In our study, in addition to adolescents, we found vitamin-D deficiency-associated myopathy in younger children too. Myopathy due to VDD in young children is not widely reported. In infants who are still developing motor skills, VDD can result in motor delay, which depending upon the age of onset of VDD can manifest as delay in head control, rolling over, sitting, pulling to sit, standing, or walking.,,, In older children who already have attained a certain repertoire of motor skills, VDD results in regression of previously acquired motor milestones. Like in adolescents, due to lack of awareness, the diagnosis of VDD-associated myopathy may not be considered, resulting in investigations for alternative inherited, metabolic, or inflammatory neuromuscular disorders.,,, In the present study, eight children between 21 months and 5 years of age had presentation consistent with proximal myopathy. All the eight children had signs of rickets that were either overlooked or not thought to be related to myopathy by the referring physician.
Muscle-specific investigations, such as serum creatine kinase, nerve conduction/electromyographic studies, and muscle biopsy, are of little help in the diagnosis of VDD-associated myopathy as the results of these investigations are either normal or nonspecific,, Other than clinical signs of rickets, diagnosis is often suggested by the presence of radiographic signs of rickets or abnormal biochemical metabolic bone profile. Resolution of muscle weakness with vitamin D treatment is necessary before the symptoms can be attributed to VDD., Only one child in our series had significantly elevated serum kinase, which was possibly caused by muscle injury secondary to seizure and bilateral femoral neck fractures. We did not perform nerve conduction studies, electromyography, and muscle biopsy in any of the children as the diagnosis of VDD was suspected at the initial presentation only. Therapeutic response helped establish a causal relationship between VDD and muscular weakness.
Vitamin-D deficiency in children is most common at two ages: the first peak comes during infancy and young childhood, and the second peak during adolescence and is attributed to an increased requirement for vitamin D due to physiological growth spurt at this age. In addition, factors such as diet, sun exposure, and skin complexion might have played a role in causing vitamin-D deficiency in our children. Specific risk factors were identified in 13 (50%) children, prominent being antiepileptic medications in six and celiac disease in six. A similar pattern of risk factors has been recognized in earlier studies.,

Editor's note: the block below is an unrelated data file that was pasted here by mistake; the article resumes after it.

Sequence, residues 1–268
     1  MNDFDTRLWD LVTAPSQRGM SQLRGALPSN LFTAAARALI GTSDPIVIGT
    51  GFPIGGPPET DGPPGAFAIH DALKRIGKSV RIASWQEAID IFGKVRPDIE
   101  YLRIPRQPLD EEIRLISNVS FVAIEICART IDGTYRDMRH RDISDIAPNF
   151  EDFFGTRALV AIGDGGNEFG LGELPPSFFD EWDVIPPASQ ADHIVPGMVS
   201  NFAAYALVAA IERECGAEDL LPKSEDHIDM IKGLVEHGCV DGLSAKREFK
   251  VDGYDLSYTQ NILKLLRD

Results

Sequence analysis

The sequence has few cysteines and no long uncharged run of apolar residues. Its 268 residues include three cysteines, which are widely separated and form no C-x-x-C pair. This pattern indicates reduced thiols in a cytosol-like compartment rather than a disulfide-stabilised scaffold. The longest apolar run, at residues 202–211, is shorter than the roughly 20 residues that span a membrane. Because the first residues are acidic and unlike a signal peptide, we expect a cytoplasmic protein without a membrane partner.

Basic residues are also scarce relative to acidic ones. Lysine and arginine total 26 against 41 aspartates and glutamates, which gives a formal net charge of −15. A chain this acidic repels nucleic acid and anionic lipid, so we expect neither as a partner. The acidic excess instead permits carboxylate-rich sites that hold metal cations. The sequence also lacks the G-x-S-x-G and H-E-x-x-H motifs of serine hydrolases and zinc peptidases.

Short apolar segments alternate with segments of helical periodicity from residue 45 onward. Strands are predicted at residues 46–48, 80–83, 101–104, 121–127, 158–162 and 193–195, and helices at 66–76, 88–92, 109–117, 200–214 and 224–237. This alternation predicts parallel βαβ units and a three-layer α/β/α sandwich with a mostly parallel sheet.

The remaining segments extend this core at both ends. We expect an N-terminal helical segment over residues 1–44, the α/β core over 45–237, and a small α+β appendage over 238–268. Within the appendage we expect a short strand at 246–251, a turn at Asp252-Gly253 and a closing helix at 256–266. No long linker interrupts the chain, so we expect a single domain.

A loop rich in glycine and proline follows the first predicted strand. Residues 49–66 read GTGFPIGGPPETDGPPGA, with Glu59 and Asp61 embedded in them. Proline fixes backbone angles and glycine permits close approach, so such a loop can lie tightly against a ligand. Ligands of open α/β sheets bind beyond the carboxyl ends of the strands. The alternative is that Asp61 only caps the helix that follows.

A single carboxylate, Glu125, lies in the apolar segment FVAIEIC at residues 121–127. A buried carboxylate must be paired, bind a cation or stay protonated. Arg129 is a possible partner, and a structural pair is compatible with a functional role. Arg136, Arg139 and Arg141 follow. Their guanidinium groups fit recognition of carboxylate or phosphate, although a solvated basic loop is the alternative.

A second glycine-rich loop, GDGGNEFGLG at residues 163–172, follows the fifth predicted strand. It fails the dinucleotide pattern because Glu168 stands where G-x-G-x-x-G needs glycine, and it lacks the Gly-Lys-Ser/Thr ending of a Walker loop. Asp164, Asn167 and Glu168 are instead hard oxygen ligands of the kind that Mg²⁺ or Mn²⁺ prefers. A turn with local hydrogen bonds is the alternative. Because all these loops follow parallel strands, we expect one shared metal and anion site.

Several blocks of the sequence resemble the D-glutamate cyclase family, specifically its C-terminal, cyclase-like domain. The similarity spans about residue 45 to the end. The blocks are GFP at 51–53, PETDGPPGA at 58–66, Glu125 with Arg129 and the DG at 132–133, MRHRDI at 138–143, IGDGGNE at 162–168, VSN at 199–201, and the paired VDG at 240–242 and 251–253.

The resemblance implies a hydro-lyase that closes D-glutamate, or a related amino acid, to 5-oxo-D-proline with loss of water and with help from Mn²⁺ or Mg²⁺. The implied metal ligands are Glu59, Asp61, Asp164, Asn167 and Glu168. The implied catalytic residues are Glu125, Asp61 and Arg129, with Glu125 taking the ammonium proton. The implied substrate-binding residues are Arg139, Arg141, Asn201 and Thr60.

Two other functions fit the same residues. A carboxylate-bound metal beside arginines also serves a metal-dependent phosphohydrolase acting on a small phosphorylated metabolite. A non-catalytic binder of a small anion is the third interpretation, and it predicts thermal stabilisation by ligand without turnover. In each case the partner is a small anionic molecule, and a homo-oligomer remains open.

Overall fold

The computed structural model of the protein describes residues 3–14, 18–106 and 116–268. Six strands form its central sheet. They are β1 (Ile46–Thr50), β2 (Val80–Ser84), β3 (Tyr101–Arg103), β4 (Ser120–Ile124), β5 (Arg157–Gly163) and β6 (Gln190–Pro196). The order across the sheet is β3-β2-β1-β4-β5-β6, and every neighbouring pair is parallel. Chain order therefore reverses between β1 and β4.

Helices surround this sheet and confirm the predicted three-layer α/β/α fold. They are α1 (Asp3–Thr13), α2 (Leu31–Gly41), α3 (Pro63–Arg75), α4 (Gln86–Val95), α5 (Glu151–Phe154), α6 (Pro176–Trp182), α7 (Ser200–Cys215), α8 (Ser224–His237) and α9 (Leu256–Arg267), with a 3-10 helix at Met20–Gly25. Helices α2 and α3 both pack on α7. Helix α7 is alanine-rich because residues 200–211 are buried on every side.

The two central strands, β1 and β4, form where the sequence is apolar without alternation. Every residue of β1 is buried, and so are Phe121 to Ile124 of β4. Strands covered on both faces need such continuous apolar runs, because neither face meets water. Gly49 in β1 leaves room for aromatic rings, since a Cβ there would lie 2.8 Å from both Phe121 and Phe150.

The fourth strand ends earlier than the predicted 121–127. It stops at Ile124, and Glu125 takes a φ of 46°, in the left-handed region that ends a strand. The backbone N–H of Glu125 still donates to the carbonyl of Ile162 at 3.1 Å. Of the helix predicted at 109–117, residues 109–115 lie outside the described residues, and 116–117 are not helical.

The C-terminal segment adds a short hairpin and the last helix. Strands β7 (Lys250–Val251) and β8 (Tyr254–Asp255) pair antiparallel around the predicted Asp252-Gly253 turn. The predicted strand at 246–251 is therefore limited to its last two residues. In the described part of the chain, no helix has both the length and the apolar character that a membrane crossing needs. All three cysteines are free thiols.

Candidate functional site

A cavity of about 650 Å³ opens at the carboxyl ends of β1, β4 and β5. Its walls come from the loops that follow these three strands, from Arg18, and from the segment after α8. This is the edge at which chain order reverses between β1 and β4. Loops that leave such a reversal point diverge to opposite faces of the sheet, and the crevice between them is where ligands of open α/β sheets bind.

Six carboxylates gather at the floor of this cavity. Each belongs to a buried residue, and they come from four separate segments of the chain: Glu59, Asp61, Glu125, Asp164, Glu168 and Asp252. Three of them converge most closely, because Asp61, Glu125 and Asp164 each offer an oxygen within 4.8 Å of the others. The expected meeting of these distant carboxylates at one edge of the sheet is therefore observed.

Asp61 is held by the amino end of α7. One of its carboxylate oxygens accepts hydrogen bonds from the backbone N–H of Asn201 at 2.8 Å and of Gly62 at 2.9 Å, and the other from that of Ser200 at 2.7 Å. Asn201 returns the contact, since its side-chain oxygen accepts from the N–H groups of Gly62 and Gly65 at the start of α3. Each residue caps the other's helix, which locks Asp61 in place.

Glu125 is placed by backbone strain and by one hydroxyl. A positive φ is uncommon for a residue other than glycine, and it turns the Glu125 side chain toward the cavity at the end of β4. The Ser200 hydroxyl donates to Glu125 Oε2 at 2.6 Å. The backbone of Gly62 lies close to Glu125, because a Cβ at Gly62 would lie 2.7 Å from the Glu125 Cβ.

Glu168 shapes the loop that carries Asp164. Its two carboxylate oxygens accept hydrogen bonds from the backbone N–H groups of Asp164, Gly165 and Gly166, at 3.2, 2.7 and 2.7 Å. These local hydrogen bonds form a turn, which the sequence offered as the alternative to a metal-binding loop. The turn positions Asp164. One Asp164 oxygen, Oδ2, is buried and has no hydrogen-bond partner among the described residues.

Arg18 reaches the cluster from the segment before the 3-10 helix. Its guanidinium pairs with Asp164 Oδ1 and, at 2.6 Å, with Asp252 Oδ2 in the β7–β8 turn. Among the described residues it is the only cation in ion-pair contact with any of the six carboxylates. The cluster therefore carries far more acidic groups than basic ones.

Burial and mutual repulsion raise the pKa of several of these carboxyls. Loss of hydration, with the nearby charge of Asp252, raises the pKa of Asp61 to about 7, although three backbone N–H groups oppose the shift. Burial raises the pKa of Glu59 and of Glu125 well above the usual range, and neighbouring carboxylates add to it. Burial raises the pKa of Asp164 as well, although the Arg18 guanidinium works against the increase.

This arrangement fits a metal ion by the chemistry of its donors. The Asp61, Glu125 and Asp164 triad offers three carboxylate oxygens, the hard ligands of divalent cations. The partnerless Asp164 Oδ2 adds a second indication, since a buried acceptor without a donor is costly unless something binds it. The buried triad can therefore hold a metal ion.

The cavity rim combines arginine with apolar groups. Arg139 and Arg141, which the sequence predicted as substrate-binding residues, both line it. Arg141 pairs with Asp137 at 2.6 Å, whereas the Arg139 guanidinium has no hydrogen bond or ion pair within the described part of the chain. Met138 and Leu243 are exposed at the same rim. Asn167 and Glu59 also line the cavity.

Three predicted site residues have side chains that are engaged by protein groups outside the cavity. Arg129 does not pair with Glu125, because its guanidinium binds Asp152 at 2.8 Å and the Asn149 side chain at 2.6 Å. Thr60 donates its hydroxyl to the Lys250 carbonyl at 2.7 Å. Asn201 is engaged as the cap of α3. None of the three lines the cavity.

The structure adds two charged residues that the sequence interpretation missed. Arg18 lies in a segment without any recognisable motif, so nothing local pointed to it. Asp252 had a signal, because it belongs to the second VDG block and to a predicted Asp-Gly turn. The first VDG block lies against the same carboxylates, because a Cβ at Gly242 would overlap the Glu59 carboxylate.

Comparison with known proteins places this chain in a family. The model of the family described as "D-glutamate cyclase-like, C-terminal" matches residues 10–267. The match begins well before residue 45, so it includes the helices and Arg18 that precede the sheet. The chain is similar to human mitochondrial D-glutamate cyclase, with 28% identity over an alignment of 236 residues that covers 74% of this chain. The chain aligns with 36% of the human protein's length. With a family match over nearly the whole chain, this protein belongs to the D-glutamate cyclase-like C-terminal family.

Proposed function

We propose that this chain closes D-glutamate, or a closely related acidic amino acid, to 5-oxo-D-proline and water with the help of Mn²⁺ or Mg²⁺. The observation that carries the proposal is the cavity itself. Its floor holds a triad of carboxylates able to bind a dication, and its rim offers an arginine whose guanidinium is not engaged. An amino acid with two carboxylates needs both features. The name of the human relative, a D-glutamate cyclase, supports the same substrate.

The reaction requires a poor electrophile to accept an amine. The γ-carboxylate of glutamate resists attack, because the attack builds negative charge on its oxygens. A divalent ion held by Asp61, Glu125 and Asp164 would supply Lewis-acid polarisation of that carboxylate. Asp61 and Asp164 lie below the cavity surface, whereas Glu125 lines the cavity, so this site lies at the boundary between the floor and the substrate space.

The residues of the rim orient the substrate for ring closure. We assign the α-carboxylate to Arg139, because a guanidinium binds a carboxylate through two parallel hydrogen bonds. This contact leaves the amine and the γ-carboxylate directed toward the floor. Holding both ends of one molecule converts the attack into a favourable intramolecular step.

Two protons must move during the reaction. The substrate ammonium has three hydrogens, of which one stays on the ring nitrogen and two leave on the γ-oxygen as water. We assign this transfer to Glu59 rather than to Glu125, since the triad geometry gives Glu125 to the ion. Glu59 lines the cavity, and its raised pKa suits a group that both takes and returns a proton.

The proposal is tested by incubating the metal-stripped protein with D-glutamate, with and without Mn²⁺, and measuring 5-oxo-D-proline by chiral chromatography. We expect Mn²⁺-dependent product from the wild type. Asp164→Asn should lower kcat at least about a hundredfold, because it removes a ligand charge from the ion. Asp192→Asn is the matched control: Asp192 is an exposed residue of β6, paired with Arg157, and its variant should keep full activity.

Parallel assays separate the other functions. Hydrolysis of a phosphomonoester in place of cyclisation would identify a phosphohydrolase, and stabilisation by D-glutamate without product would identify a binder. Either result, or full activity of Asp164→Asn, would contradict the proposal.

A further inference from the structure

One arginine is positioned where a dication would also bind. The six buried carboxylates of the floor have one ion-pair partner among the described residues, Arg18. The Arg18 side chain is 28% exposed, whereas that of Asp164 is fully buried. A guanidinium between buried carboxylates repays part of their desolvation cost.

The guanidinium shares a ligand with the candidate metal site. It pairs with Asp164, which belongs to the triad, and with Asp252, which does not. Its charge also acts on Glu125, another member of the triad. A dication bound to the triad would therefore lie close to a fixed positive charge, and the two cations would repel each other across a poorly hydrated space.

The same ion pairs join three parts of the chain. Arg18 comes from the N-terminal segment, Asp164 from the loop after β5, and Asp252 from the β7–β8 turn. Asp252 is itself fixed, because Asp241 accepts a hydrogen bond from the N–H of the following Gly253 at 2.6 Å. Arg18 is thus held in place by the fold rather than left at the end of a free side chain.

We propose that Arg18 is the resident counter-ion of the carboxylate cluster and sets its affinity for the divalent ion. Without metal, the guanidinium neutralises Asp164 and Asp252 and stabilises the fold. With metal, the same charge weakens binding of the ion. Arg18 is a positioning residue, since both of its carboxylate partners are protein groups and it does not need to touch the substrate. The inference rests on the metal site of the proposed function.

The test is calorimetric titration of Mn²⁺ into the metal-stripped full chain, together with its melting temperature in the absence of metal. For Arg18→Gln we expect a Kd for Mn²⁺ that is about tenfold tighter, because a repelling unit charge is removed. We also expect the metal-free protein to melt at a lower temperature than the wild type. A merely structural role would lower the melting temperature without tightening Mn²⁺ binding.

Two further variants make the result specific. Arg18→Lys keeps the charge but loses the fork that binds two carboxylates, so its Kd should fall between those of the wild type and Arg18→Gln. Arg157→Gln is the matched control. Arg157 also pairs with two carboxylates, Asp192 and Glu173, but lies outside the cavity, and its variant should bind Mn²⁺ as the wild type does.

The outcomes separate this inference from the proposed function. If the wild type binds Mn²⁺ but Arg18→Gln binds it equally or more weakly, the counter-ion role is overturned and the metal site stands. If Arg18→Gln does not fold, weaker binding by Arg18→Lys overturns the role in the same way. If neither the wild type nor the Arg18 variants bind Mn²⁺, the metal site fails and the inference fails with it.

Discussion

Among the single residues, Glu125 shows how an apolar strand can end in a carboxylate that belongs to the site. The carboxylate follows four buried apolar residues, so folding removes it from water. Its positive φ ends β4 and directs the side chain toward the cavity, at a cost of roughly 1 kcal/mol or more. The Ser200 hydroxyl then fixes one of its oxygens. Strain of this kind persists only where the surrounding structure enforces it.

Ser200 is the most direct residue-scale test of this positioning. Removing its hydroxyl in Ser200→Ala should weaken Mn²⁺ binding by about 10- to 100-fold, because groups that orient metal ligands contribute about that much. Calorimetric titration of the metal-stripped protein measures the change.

The main limitation of our study is its retrospective nature and selection bias as patients were recruited from pediatric neurology services and represented severe cases of vitamin-D deficiency. Financial constraints precluded biochemical and radiological monitoring during follow-up. Muscle biopsy and nerve conduction/electromyographic studies were not considered essential given the fact that diagnosis could be easily established on the basis of clinical, radiological, and biochemical parameters, and all the patients responded well to treatment with vitamin D.
To conclude, vitamin-D deficiency in children can present with myopathic symptoms. The diagnosis requires a high index of suspicion and meticulous clinical examination. Once suspected, the diagnosis can be established by biochemical and radiological investigations. Treatment with vitamin D produces an excellent clinical response.
Financial support and sponsorship
Conflicts of interest
There are no conflicts of interest.
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[Figure 1], [Figure 2], [Figure 3]